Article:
Three new elective hospitals will be built in Cork, Dublin and Galway and 7,000 community-based healthcare staff will be hired over the next three years according to ambitious Sláintecare health reform targets unveiled this morning.
There are also plans to introduce the Sláintecare Consultant Contract, which will permit public-only work in public hospitals, and to open 31 primary health care centres around the country by 2023.
They are among some of the high-profile targets set out in the Sláintecare Implementation Strategy and Action Plan 2021-2023, which has been published by Health Minister Stephen Donnelly today.
It has been developed to include the learnings from the Covid-19 pandemic, the new context within which the health system operates, and will involve investment of some €3.7bn to:
- reduce waiting lists in hospital and the community;
- invest in 32 community specialist hubs for older people and people living with chronic disease;
- provide extra health resources in 18 of Ireland’s most disadvantaged communities to address health inequalities;
- mainstream access for patients to direct diagnostics through GPs;
- develop policy proposals for achieving ‘universal eligibility’;
- create six new regional health areas and 96 new community healthcare networks to support integrated care across primary, community and acute care;
- invest in Healthy Ireland to keep people well in their own communities;
- expand innovation projects that support patient safety initiatives;
- and introduce a digital ‘shared care record’ so people have access to their health records no matter where they are being treated.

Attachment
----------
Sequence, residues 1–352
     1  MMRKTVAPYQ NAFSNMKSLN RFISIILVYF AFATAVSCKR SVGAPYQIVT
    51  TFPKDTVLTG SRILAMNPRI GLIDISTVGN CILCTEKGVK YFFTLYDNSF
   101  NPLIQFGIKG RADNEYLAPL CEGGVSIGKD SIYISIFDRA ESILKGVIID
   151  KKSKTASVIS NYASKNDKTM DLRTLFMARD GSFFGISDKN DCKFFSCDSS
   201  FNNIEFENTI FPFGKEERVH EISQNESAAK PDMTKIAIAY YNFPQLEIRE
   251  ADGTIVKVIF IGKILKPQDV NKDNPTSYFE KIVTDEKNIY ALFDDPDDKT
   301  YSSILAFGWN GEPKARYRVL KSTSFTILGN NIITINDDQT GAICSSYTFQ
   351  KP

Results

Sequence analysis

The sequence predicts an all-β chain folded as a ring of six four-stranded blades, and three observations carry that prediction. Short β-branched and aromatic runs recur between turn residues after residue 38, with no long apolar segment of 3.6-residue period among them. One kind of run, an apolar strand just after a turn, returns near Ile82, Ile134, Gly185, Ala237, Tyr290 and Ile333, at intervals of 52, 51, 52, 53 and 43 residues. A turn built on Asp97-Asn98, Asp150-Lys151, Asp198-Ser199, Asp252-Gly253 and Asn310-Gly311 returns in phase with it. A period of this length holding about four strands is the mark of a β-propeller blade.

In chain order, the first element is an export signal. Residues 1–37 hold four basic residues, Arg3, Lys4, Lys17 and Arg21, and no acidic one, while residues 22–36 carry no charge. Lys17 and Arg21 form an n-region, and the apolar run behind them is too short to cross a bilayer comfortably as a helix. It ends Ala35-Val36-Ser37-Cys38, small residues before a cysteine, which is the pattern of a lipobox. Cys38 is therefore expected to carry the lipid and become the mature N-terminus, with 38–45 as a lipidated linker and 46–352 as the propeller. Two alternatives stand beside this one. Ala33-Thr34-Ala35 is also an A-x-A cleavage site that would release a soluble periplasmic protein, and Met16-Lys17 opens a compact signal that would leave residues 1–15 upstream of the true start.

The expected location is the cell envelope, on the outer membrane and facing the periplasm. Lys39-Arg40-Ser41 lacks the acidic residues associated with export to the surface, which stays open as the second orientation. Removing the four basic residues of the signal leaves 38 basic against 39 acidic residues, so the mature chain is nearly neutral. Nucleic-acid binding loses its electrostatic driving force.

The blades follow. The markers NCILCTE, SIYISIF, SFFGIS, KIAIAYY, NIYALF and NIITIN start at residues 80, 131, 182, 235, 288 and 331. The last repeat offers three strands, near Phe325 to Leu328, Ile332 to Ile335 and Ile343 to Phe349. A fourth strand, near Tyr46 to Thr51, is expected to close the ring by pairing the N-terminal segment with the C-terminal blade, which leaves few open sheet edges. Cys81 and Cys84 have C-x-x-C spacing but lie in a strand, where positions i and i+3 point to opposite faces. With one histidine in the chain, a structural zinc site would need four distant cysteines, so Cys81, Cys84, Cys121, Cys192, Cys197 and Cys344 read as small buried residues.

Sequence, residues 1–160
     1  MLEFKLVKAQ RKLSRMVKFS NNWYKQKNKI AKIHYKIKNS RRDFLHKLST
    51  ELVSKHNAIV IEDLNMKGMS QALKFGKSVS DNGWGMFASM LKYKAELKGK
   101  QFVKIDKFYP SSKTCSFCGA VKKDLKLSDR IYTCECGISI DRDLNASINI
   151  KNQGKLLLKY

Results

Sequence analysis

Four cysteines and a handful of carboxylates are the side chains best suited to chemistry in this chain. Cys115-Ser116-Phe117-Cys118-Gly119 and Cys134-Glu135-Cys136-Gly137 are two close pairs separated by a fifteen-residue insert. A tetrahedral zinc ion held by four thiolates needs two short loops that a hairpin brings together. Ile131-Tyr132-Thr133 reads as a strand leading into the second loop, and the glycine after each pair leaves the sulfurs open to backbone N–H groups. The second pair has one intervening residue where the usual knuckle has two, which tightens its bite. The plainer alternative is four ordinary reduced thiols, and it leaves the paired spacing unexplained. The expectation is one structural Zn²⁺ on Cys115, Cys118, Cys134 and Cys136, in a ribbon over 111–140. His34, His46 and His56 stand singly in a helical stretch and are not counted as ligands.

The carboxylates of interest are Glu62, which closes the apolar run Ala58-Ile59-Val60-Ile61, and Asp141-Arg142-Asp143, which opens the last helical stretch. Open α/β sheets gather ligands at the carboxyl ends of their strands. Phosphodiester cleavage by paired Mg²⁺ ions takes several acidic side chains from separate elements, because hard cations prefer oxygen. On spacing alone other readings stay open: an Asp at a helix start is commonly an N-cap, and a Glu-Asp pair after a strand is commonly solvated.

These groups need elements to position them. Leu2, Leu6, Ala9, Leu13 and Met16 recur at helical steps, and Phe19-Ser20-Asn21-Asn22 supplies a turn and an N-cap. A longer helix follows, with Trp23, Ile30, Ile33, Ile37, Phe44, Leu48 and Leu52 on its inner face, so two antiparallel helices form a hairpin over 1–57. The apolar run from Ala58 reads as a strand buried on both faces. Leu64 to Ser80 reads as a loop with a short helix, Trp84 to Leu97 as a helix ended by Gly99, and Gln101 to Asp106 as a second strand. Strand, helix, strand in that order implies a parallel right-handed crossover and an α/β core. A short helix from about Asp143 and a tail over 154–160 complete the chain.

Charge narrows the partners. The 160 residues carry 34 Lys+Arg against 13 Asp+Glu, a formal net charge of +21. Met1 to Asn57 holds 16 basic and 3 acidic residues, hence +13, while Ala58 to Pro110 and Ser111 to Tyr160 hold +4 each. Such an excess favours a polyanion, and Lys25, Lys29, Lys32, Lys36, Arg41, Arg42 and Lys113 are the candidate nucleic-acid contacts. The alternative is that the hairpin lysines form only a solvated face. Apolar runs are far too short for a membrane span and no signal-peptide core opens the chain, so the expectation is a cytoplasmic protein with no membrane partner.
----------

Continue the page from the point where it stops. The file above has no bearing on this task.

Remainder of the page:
Mr Donnelly said the plan represents the next stage in “an exciting and ambitious programme” for reform of Ireland’s health system.
“Considerable progress has already been made in moving Sláintecare from vision to reality,” he said.
“Major foundational decisions have been made by Government, including the establishment of the HSE Board and the approval of the geographies for six new regional health areas, the agreement on the GP, Public Health Doctor, and Consultant public-only contracts, the widening of eligibility to citizens for general practice, as well as reduction in prescription charges to the public.
“We know that our health and social care providers have worked tirelessly throughout the last year.
“The pandemic has challenged our health services in many ways, but it has also demonstrated the willingness and eagerness of our staff and our systems to innovate and adapt for the benefit of patients.
He said now is the time to harness this energy and appetite for change to reform the health and social care service for the long-term.
Professor Tom Keane, chair of the Sláintecare Implementation Advisory Council, said the reform programmes and the unprecedented funding that goes with it, will have a major impact on the short, medium and long term future of Ireland’s health and social care systems.
“These programmes are fully aligned to the Sláintecare vision to provide the right care in the right place at the right time and to progress the goal of delivering universal healthcare based on need rather than the ability to pay,” he said.